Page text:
Latest Posts

5 Things To Know About Foo Dogs

The Foo Dogs are creative work of art that makes exquisite colorful décor in the home. Those that have beheld these wonderful statues always...

What to See in Amsterdam: A Short Guide With the Best of the Capital of Holland

With this Amsterdam guide I am going to solve all your doubts about what you can see and do in the capital of Holland....

The 5 Berlin Museums You Have to Visit

Do you know how many museums there are in the German capital? More than 200. Of all the possible themes. There are exhibition spaces,...

When to Visit the Monuments of Rome and How Much it Costs to Do so?

This is my list of monuments you're going to visit in Rome. You have all the practical information with the location, price and timetables...

The 5 Berlin Museums You Have to Visit

Do you know how many museums there are in the German capital? More than 200. Of all the possible themes. There are exhibition spaces, both public and private, dedicated to science, literature, German history, technology… as well as the most classic and well-known archaeological or artistic themes. Today I’m going to tell you about the 5 museums in Berlin that you can’t miss. Yes. Pergamo’s is not going to be absent from this list I propose you.

These five museums in Berlin that I’m going to tell you about are the ones that make up what is known as the Museum Island of Berlin. In a few meters is located one of the most important museum complexes in the world. It is located in the heart of the city on the river Spree. This area is one of the essential that you have to see in Berlin along with the Berlin Wall or climb the TV Tower, the tallest building in the city.

Berlin’s Museum Island

It is made up of: the Pergamon Museum, the Old Museum, the New Museum, the Old National Gallery and the Bode Museum. This complex has been declared a UNESCO World Heritage Site and as in practically the entire city, you can see the terrible damage Berlin suffered during the Second World War. The city was practically razed to the ground and is still being built today. I told you about it in this post of curiosities from Berlin. At the end of the article I will also make you a very special recommendation that is “off-road”.

Getting to this area is very simple. It is one of the neuralgic points of the city. Its access by public transport is unbeatable. Near here you have the Hackescher Markt train station, a square of the Mitte where on Saturdays a popular market is held. From there you only have to walk a few minutes to reach the island of museums. I had to pay attention to the signs because the entrances to the buildings had changed.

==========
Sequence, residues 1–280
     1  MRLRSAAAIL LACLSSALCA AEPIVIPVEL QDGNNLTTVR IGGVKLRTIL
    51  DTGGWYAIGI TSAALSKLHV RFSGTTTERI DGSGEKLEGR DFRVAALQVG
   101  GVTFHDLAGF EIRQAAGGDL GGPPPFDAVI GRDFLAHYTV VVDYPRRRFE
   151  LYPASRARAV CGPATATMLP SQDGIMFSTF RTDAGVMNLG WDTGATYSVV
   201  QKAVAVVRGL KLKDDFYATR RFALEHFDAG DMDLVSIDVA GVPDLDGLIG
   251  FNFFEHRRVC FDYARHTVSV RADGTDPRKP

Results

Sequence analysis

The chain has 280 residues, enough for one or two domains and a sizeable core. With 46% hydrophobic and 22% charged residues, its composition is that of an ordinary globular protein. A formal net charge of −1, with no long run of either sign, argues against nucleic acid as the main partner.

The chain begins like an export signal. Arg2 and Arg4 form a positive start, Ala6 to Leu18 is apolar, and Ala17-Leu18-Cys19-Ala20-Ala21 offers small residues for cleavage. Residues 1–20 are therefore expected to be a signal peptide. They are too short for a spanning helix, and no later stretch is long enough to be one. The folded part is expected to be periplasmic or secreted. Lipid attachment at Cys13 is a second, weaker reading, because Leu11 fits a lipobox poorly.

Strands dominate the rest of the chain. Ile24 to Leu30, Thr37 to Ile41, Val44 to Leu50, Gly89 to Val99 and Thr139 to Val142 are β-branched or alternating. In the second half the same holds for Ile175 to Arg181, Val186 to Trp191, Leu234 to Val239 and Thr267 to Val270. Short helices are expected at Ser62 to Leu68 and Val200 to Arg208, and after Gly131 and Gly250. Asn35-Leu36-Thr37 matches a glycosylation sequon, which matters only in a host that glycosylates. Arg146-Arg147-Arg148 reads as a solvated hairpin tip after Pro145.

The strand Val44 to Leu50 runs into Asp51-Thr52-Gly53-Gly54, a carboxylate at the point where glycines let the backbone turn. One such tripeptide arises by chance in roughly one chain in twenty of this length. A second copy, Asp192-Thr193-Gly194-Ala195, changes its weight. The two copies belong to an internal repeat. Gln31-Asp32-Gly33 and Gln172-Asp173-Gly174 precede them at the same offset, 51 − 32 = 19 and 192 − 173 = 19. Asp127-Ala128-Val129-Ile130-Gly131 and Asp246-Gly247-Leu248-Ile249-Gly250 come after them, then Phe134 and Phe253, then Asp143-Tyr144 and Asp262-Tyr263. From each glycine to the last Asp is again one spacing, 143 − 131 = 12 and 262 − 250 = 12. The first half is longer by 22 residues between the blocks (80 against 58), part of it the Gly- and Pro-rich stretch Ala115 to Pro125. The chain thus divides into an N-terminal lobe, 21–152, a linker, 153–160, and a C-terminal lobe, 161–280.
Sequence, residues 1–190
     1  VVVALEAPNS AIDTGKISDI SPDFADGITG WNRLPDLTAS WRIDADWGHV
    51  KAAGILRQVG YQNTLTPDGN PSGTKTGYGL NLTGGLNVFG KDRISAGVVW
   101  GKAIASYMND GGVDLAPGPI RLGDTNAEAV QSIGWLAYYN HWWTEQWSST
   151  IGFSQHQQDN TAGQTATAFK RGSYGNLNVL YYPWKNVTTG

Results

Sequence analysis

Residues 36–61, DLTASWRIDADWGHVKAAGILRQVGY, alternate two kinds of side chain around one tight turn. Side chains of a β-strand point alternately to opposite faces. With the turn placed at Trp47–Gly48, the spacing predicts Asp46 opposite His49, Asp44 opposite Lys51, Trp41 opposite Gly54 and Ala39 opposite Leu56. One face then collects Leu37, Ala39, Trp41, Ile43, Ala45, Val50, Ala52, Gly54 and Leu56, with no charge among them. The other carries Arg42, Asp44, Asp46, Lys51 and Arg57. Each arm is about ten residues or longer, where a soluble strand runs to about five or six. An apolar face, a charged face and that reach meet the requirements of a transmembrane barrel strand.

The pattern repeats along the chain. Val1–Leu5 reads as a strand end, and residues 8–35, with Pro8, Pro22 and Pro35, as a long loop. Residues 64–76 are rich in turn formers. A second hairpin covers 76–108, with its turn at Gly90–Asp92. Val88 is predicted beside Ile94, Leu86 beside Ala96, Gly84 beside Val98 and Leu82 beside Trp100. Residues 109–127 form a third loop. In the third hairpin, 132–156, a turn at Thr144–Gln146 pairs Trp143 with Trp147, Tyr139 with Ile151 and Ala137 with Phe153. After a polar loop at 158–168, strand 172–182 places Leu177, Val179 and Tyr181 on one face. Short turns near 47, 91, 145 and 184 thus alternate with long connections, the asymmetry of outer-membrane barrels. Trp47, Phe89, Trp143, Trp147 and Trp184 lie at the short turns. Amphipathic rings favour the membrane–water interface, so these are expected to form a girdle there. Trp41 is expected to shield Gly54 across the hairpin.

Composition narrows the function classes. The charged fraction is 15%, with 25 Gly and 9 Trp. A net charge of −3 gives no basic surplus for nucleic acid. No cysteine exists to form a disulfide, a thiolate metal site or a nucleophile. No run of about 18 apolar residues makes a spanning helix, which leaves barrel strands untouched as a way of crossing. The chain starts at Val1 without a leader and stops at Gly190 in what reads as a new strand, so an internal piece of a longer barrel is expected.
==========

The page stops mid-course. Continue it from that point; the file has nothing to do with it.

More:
On the museum island you can enjoy the bust of Nefertiti, the Pergamon Altar or the imposing Ishtar Gate. Three real wonders, but not the only ones. This place is a reference point for Egyptian and classical art.

As a tip, I recommend that you buy your ticket in advance to avoid long queues. The museum island of Berlin is one of the most visited places in the city. Forget about the selfie stick and tripod and don’t carry a bulky backpack. You will have to leave everything in the wardrobes of the different museums before entering.

Egyptian Art in Berlin’s MuseumsHow and where to buy your tickets for Berlin’s Museums
Before going into the matter and reviewing one by one these important Berlin museums, I’m going to explain the most important things: how to buy your tickets and which is the cheapest formula.

There are several options. I’ll tell you about them and I’ll also tell you about the one I used.

With the Welcome Card Berlin

I will start by telling you that if you are going to visit this German city, the Welcome Card Berlin is essential for me. There are several modalities depending on the days you choose – 48h, 72h, 4, 5 or 6 days – and the zones, the most complete covers you the two airports and Potsdam. There is a Welcome Card Berlin that gives you access to the island’s museums and provides you with transport for 72 hours.